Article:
I would also suggest our culture is one which harbors cheating on just about any level, with the caveat that one does not get caught and one is not swindling little old ladies out of retirement savings (although the later might be optional in some circles.) I call this the "copy and paste" culture after that little feature on your computer which allows to copy and paste of text. A little click here, a little click there. No one need know. A little white virtual lie. As one student once told me, "Dude, its not like I'm stealing a car."

Well, true, it is not a car. And, true, I have been known to download an occasional .MP3 that was probably not licensed. But stealing is still stealing, and cheating is cheating. For those of us who believe in absolute truth, we can't give up our integrity. Like my grandfather once told me, "Look'a here, Boy. if you give that up, you really got nothin'."

That nothin' might very well end up being what those Major League Baseball players have in the end. No Hall of Fame, no stats, certainly no integrity. And that is a crying shame, because a lot of those players could easily have made it into the Hall of Fame without needing extra help.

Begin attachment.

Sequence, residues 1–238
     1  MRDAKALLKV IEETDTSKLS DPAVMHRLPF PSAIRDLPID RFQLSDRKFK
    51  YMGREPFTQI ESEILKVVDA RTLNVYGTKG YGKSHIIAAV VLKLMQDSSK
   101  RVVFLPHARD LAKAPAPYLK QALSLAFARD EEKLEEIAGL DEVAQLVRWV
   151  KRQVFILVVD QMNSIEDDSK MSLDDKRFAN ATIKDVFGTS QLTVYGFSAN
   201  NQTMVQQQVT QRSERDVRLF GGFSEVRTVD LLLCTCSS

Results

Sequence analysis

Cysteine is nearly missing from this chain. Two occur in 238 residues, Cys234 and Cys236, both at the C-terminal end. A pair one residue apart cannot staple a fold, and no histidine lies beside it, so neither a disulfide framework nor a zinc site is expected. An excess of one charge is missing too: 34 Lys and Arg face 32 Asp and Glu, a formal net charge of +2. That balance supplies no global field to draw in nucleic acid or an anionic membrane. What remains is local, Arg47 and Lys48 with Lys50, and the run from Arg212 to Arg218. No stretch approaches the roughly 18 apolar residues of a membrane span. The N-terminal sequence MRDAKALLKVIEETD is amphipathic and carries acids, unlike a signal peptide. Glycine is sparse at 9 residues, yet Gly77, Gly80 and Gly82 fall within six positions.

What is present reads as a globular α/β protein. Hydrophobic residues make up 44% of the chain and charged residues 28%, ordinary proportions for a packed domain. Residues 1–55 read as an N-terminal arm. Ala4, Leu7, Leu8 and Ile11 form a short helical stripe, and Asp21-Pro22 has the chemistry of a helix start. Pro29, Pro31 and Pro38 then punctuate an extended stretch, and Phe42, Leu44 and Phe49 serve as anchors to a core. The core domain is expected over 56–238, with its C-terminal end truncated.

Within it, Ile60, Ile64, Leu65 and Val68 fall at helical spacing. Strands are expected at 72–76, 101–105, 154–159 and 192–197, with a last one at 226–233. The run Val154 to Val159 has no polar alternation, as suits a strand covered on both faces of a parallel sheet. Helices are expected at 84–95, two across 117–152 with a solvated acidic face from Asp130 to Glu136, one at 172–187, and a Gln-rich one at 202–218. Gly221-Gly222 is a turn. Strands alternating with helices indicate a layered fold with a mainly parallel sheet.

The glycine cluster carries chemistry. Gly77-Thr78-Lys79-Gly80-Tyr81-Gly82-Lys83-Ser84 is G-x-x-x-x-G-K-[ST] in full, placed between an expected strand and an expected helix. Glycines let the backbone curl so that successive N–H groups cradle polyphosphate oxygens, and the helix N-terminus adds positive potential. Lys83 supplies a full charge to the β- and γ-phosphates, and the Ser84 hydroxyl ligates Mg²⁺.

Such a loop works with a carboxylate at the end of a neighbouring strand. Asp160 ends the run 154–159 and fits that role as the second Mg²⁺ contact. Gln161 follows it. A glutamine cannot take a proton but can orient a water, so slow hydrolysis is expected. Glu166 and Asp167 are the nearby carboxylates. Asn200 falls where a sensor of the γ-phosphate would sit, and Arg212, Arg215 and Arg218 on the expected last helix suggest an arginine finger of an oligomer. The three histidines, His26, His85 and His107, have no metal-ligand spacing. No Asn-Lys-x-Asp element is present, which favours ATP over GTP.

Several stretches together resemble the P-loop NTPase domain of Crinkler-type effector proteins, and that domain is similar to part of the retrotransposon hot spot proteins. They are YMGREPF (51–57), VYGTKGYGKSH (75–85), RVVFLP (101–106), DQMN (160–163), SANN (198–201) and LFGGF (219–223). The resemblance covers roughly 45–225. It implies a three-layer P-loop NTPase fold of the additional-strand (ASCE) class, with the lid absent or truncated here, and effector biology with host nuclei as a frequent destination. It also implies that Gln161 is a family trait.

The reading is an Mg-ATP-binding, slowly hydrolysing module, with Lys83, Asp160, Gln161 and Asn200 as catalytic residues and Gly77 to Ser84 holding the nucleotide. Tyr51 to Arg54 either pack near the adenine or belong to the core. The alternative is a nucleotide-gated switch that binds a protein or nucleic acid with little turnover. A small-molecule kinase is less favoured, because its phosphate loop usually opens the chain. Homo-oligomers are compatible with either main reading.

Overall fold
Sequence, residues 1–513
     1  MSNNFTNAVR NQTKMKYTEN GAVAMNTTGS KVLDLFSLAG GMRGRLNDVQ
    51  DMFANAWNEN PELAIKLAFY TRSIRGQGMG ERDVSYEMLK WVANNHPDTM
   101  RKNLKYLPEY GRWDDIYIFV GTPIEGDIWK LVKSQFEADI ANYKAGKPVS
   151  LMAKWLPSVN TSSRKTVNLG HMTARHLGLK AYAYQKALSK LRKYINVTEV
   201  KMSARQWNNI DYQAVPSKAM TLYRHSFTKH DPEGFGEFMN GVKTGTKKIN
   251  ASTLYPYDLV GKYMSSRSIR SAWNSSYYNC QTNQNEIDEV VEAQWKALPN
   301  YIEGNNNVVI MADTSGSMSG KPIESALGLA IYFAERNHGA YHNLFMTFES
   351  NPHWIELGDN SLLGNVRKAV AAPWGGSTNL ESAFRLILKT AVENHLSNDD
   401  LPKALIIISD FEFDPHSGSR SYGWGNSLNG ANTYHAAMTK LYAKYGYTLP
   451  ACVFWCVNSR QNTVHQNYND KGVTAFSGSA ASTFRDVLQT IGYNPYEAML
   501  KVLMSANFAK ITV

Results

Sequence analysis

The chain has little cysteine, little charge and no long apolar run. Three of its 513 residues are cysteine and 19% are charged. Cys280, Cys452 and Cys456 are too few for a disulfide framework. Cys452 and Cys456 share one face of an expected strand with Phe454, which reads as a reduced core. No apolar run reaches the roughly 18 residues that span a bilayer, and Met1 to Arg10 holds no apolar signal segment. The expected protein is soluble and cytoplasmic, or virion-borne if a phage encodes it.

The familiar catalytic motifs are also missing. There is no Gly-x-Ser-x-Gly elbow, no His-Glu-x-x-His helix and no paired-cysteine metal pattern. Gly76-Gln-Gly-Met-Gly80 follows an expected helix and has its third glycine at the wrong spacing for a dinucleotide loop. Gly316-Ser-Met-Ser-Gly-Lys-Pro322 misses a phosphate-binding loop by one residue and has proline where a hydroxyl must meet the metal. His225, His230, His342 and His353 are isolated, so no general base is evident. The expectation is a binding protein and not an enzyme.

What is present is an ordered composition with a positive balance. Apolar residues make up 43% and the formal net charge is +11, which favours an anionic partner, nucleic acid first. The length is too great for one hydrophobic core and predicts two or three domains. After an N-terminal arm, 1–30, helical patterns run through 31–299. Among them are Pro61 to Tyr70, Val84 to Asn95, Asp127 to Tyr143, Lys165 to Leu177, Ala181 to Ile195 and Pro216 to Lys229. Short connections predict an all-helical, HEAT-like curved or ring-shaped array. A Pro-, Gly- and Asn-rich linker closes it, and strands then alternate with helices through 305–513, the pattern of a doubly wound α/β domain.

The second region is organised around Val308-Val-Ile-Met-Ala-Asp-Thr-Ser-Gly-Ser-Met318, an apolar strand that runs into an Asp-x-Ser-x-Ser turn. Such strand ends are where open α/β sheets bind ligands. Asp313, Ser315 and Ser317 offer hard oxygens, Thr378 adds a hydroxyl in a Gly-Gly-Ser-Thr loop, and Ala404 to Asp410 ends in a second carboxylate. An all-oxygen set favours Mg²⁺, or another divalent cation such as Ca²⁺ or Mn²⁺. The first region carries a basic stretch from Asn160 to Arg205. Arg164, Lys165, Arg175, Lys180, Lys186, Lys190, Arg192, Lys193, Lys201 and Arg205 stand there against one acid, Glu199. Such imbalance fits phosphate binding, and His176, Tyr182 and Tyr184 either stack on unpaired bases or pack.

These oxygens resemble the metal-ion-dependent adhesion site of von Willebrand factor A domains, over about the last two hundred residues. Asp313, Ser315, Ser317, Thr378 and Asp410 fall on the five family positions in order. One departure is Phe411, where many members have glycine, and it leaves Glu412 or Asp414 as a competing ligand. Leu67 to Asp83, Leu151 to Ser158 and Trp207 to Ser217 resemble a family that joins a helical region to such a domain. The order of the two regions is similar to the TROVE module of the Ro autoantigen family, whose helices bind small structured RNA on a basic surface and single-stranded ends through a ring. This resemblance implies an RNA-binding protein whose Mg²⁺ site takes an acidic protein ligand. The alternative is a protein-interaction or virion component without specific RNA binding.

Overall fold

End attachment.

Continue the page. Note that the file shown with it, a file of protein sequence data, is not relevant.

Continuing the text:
That is why I have always believed that the Hall of Fame candidacy of a potential inductee should be measured on two questions: What have you done for yourself? What have you done for the Game?

Obviously the first has to do with stats. Batting Average, championship, etc. This is about the individual. The second has to do with the community. Have you given back to the community, or have you taken all you could get by whatever means necessary? Have you made the baseball and real worlds a fundamentally better place than when you entered it, or have you made it worse?

For those reasons, I had not supported Barry Bonds or anyone who has the taint of steroids. Had he (or now they) have given back to the community more, I might reconsider on the basis of community and not solely on the basis of individual stats. Baseball is about more than just the individual, more than just entertainment. There must be a community element as well, or else the Hall of Fame becomes a showcase for scoundrels and mercenary athletes, people who in the words of the 1662 Book of Common Prayer are referred to as "notorious evil livers" who just happen to have athletic ability.

I always chuckle at the term "notorious evil liver." I always had visions of body organs with bandanas and hand guns holding up a liturgy. But, suffice is to say, I wouldn't want to be one. I don't know is steroids affect the liver, but perhaps in the case of Major Leaguers, they could be "felonious cheating muscles."

Now that would be a fun Prayerbook Rubric.